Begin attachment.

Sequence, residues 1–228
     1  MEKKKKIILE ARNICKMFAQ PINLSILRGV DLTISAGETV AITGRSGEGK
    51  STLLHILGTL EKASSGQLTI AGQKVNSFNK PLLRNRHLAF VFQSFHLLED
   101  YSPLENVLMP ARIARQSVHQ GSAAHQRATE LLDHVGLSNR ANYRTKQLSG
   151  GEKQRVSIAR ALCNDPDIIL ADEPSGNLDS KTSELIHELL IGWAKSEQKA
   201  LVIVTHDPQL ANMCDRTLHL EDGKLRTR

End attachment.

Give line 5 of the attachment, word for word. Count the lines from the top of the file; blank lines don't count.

   151  GEKQRVSIAR ALCNDPDIIL ADEPSGNLDS KTSELIHELL IGWAKSEQKA